Microcircuitry of forward and feedback connections within rat visual cortex

Randall R. Johnson, Andreas Burkhalter

Research output: Contribution to journalArticlepeer-review

97 Scopus citations

Abstract

Visual cortex in mammals is composed of many distinct areas that are linked by reciprocal connections to form a multilevel hierarchy. Ascending information is sent via forward connections from lower to higher areas and is thought to contribute to the emergence of increasingly complex receptive field properties at higher levels. Descending signals are transmitted via feedback connections from higher to lower areas and are believed to provide information about the context in which a stimulus appears, to contribute to modulation of visual responses by attention, and to play a role in memory processes. To determine whether forward and feedback pathways in rat visual cortex constitute distinct intracortical circuits, we have studied the distribution of reciprocal corticocortical inputs to pyramidal cells and γ- aminobutyric acid (GABA)ergic interneurons. For this purpose, we chose forward and feedback connections between primary visual cortex and the secondary extrastriate lateromedial (LM) area as a model system. Pathways were traced with the axonal marker phaseolus vulgaris-leucoagglutinin. Labeled terminals were identified in the electron microscope, and GABA immunocytochemistry was used to identify the postsynaptic dendritic shafts of GABAergic interneurons. In both pathways, inputs to pyramidal cells were directed preferentially to dendritic spines and not to shafts. In the forward pathway, 90% of labeled inputs were distributed to pyramidal cells and 10% to interneurons. This proportion was similar to that of nearby unlabeled connections in the neuropil, indicating that forward connections are not selective for pyramidal cells or interneurons. In sharp contrast, feedback connections were significantly different from the unlabeled connections and supplied almost exclusively pyramidal cells (98%). Feedback inputs to GABAergic neurons were five times weaker (2%) relative to the forward direction. These structural differences suggest that disynaptic GABAergic inhibition is much stronger in forward than in feedback pathways. Recent physiological experiments have confirmed this prediction (Shao et al. [1995] Soc. Neurosci. Abstr., 21:1274) and we, therefore, conclude that relatively small anatomical differences in the microcircuitry can have important functional consequences. It remains an open question whether generally reciprocal interareal circuits at all levels of the cortical hierarchy are organized in similar fashion.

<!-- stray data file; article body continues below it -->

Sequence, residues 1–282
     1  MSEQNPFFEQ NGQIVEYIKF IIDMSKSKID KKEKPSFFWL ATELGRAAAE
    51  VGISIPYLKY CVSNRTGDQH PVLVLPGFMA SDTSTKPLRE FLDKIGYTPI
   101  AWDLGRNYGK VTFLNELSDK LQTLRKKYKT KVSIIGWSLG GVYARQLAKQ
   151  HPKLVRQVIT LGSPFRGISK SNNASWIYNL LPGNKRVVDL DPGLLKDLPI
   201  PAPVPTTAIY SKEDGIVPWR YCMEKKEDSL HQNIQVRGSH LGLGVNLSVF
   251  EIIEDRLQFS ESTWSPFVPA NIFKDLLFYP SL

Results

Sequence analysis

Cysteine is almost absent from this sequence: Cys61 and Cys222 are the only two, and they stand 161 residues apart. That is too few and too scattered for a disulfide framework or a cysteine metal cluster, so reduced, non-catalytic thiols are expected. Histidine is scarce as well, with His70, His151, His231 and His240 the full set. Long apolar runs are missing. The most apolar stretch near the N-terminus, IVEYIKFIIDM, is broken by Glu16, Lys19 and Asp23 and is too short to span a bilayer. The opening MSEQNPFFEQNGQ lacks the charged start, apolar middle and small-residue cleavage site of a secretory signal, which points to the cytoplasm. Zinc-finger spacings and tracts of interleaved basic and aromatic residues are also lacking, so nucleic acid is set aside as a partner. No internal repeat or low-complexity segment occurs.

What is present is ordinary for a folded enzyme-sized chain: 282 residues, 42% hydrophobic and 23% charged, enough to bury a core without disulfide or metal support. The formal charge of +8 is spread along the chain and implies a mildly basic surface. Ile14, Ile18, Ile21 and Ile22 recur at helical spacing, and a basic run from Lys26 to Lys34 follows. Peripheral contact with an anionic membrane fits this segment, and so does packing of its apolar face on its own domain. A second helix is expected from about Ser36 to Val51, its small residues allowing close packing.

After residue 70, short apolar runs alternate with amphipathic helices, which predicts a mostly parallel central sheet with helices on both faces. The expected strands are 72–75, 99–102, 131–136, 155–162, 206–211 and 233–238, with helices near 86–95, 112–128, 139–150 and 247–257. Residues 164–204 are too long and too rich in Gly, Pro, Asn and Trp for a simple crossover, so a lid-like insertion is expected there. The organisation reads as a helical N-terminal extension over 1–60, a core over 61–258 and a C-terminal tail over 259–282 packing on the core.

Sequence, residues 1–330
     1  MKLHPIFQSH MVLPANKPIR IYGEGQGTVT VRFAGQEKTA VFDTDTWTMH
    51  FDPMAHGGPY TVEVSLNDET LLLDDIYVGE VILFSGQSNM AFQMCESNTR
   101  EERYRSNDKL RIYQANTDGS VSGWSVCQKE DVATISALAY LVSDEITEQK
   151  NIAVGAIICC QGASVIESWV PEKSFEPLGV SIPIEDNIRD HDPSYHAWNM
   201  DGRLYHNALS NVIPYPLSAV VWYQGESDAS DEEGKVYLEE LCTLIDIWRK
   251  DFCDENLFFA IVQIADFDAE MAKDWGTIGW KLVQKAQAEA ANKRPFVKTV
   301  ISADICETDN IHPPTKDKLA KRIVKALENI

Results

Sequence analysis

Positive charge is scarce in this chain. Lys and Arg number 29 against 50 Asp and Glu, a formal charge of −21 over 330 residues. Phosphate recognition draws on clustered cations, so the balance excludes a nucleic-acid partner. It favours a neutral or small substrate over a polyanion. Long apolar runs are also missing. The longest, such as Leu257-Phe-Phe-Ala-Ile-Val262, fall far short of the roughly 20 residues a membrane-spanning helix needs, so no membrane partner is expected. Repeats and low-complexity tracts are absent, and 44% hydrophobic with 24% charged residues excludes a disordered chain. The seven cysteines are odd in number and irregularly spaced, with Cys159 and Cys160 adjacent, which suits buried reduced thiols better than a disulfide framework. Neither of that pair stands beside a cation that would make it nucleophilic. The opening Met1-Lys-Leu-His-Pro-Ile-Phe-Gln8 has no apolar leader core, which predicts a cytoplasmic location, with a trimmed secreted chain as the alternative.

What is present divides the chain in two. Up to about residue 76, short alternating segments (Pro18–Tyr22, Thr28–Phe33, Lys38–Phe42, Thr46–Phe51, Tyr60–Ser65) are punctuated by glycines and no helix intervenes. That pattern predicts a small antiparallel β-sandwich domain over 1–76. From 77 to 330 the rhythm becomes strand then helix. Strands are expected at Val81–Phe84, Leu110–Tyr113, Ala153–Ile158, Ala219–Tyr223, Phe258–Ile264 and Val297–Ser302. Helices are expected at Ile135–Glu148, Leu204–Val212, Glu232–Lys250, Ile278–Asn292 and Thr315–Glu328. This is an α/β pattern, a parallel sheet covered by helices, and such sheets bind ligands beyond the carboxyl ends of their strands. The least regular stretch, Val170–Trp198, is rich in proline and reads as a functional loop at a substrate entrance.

Original languageEnglish
Pages (from-to)383-398
Number of pages16
JournalJournal of Comparative Neurology
Volume368
Issue number3
DOIs
StatePublished - May 6 1996

Keywords

  • GABA inhibition
  • dendritic shaft
  • dendritic spine
  • synapse
  • visual system

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